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Spina Bifida Treatment

There is no cure for spina bifida. The nerve tissue that is damaged or lost cannot be repaired or replaced, nor can function be restored to the damaged nerves. Treatment depends on the type and severity of the disorder. Generally, children with the mild form need no treatment, although some may require surgery as they grow.

The key priorities for treating myelomeningocele are to prevent infection from developing through the exposed nerves and tissue of the defect on the spine, and to protect the exposed nerves and structures from additional trauma. Typically, a child born with spina bifida will have surgery to close the defect and prevent infection or further trauma within the first few days of life.

Spina Bifida Treatment Fetal Surgery

Doctors have recently begun performing fetal surgery for treatment of myelomeningocele. Fetal surgery—which is performed in utero (within the uterus)—involves opening the mother’s abdomen and uterus and sewing shut the opening over the developing baby’s spinal cord. Some doctors believe the earlier the defect is corrected, the better the outcome is for the baby. Although the procedure cannot restore lost neurological function, it may prevent additional loss from occurring. However, the surgery is considered experimental and there are risks to the fetus as well as to the mother.

The major risks to the fetus are those that might occur if the surgery stimulates premature delivery such as organ immaturity, brain hemorrhage, and death. Risks to the mother include infection, blood loss leading to the need for transfusion, gestational diabetes, and weight gain due to bed rest.

Still, the benefits of fetal surgery are promising, and include less exposure of the vulnerable spinal nerve tissue and bones to the intrauterine environment, in particular the amniotic fluid, which is considered toxic. As an added benefit, doctors have discovered that the procedure affects the way the brain develops in the uterus, allowing certain complications—such as Chiari II with associated hydrocephalus—to correct themselves, thus, reducing or, in some cases, eliminating the need for surgery to implant a shunt.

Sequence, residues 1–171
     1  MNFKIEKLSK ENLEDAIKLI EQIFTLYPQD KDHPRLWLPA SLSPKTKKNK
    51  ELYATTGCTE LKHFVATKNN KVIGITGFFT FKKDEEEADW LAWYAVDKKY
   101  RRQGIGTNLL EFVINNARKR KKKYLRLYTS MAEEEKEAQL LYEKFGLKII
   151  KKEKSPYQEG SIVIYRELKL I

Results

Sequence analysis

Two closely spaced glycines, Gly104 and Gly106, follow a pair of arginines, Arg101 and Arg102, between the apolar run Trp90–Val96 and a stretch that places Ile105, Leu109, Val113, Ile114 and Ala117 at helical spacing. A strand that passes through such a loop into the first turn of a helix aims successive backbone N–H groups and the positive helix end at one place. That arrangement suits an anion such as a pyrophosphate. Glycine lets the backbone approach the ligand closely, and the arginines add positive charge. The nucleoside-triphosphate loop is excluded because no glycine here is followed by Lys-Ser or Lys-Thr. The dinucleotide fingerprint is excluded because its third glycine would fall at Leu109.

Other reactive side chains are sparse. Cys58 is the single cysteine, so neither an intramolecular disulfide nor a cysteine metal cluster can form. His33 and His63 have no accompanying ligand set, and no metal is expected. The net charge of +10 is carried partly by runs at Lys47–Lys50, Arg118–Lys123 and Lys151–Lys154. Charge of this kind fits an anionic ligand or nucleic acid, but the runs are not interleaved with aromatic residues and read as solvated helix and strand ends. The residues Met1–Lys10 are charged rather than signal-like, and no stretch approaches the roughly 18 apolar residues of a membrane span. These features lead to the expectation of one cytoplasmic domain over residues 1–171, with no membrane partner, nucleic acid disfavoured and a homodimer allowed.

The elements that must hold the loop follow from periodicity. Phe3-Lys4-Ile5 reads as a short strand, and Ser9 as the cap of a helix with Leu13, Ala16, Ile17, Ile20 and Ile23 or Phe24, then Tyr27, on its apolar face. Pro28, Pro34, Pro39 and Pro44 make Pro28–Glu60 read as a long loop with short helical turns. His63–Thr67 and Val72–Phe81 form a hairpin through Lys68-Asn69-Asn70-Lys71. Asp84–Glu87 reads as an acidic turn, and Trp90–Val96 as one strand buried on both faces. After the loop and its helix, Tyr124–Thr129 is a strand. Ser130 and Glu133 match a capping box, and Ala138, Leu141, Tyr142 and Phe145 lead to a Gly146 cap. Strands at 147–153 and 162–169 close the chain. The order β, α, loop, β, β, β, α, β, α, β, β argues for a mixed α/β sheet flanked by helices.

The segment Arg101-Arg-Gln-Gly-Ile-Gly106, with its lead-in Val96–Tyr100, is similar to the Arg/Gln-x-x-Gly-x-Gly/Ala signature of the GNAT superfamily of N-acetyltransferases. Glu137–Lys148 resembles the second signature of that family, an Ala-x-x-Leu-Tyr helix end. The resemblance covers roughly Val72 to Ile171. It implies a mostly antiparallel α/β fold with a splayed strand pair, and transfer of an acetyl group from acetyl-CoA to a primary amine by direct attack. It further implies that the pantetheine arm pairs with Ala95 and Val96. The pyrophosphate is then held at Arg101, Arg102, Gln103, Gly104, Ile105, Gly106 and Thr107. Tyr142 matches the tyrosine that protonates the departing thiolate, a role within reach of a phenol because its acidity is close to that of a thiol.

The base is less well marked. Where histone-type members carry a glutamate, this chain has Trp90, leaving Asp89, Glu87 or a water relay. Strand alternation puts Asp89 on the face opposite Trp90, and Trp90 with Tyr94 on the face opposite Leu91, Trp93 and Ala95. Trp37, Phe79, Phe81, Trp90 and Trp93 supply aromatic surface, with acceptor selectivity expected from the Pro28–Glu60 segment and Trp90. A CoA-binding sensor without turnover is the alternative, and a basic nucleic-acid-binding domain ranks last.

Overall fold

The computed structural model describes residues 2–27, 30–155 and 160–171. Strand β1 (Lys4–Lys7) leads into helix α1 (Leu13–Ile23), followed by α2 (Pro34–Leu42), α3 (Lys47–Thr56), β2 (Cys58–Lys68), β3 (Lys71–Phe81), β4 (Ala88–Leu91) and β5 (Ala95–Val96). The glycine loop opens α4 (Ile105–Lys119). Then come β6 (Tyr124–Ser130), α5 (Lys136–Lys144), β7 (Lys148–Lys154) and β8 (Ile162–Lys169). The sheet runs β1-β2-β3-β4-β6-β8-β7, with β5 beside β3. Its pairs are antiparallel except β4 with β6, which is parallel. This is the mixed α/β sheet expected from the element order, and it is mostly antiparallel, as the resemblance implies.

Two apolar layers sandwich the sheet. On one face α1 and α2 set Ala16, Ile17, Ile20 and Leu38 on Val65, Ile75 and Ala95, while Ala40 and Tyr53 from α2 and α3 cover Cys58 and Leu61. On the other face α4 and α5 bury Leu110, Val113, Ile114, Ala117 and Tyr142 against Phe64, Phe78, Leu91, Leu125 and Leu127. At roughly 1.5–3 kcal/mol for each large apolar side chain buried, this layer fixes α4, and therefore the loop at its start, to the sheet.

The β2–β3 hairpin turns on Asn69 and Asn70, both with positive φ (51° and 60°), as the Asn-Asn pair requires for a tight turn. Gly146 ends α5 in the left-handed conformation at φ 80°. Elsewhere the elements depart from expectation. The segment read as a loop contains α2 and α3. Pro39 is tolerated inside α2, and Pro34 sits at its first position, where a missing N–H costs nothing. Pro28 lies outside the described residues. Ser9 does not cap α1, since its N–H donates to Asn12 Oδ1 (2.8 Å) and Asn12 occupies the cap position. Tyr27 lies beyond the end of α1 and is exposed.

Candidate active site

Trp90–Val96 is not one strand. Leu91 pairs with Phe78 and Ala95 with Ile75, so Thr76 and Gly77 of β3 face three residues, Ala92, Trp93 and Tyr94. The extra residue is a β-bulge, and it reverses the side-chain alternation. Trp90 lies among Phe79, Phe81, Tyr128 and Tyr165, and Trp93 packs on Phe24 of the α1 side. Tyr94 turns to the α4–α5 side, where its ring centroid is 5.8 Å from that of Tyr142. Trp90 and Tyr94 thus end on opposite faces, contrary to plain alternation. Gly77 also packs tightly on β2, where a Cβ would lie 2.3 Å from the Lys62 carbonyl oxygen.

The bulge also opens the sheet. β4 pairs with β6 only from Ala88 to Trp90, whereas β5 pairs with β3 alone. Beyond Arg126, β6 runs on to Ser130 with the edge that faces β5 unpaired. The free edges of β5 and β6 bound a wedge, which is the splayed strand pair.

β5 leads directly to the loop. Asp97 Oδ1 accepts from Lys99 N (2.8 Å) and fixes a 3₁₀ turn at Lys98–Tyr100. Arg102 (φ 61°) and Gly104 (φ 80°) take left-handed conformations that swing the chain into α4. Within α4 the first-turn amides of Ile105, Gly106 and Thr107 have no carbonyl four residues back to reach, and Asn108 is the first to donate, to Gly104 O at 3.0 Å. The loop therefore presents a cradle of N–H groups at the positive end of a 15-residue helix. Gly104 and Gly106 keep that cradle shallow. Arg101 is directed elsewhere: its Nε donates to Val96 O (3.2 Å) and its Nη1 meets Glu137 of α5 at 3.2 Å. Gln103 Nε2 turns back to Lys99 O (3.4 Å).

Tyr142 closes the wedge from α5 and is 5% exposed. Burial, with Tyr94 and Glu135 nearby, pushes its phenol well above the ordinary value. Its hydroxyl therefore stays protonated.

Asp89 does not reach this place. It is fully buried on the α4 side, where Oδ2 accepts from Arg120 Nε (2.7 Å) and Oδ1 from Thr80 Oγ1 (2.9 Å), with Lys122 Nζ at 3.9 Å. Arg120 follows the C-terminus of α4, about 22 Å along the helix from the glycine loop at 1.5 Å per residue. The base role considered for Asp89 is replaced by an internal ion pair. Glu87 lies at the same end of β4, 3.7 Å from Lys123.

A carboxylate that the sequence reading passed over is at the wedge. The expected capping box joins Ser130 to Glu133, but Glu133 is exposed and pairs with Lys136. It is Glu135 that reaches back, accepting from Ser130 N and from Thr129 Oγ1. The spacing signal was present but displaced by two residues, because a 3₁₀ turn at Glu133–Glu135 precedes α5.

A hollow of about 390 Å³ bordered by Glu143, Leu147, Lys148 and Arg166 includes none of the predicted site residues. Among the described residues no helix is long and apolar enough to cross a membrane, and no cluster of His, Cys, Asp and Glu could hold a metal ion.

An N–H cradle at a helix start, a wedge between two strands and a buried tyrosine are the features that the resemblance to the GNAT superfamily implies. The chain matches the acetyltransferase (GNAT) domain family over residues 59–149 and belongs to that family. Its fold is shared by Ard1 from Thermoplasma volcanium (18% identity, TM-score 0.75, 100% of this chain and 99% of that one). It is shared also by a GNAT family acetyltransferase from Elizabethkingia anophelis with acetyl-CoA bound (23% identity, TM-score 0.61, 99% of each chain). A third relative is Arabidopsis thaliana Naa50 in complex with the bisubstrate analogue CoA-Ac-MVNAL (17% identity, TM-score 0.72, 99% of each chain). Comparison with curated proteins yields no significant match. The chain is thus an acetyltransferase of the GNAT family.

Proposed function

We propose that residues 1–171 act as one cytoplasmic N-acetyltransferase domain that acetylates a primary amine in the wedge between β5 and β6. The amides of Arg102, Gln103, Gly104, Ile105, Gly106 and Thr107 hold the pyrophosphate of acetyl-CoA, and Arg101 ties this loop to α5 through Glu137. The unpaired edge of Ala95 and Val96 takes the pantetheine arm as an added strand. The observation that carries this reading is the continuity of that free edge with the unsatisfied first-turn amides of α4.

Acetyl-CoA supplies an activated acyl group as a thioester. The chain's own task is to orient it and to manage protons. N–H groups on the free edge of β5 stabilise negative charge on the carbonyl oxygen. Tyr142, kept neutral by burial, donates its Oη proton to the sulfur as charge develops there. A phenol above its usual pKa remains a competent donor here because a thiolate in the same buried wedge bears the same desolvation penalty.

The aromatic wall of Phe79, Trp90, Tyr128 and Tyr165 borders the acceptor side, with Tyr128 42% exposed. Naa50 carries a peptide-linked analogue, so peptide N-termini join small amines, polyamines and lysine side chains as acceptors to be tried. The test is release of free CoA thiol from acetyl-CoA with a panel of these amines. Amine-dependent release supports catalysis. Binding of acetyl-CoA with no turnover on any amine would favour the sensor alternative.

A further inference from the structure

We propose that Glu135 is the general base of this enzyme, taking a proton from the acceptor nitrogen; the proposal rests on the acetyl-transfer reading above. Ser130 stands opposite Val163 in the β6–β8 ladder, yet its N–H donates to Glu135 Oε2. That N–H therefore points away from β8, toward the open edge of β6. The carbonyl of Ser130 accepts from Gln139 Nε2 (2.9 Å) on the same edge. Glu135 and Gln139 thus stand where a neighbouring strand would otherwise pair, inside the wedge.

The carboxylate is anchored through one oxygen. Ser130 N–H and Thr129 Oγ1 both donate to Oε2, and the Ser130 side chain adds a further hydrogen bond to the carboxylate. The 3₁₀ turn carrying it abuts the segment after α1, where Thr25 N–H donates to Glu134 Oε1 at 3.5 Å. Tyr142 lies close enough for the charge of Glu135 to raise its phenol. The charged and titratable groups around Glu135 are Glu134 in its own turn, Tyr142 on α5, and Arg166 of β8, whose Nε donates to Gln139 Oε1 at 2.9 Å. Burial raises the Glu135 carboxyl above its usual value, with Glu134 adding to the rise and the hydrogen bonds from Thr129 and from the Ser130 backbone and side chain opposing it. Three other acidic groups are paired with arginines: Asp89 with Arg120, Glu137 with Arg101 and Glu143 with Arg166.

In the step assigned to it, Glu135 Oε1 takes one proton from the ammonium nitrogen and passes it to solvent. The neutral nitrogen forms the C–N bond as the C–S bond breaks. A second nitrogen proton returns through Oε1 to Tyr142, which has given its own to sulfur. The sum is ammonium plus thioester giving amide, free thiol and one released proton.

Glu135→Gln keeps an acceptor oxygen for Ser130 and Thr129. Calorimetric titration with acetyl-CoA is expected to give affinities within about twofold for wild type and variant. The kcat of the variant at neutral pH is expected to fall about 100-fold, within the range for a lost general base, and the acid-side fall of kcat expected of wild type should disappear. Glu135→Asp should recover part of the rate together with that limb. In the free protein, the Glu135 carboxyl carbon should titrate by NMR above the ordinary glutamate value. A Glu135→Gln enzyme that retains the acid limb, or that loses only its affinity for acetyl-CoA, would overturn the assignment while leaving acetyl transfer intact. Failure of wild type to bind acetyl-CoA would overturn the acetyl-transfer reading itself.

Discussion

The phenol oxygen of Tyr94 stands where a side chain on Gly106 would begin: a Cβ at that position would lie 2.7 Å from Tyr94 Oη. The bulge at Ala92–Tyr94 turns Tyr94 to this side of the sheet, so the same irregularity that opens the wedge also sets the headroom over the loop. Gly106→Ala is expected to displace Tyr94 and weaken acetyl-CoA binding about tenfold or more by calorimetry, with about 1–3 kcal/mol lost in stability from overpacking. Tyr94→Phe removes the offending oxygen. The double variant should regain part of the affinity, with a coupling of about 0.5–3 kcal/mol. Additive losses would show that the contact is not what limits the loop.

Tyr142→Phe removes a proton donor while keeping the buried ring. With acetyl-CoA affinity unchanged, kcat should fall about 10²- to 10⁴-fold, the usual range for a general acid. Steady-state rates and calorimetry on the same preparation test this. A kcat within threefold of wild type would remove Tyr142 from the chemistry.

Many children with myelomeningocele develop a condition called progressive tethering, or tethered cord syndrome, in which their spinal cords become fastened to an immovable structure—such as overlying membranes and vertebrae—causing the spinal cord to become abnormally stretched and the vertebrae elongated with growth and movement. This condition can cause loss of muscle function to the legs, bowel, and bladder. Early surgery on the spinal cord may allow the child to regain a normal level of functioning and prevent further neurological deterioration.

Some children will need subsequent surgeries to manage problems with the feet, hips, or spine. Individuals with hydrocephalus generally will require additional surgeries to replace the shunt, which can be outgrown or become clogged.

Spina Bifida Treatment - Assitive Devices

Some individuals with spina bifida require assistive devices such as braces, crutches, or wheelchairs. The location of the malformation on the spine often indicates the type of assistive devices needed. Children with a defect high on the spine and more extensive paralysis will often require a wheelchair, while those with a defect lower on the spine may be able to use crutches, bladder catherizations, leg braces, or walkers.

Treatment for paralysis and bladder and bowel problems typically begins soon after birth, and may include special exercises for the legs and feet to help prepare the child for walking with braces or crutches when he or she is older.

 
 
 
 
 
   

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08/05/2010

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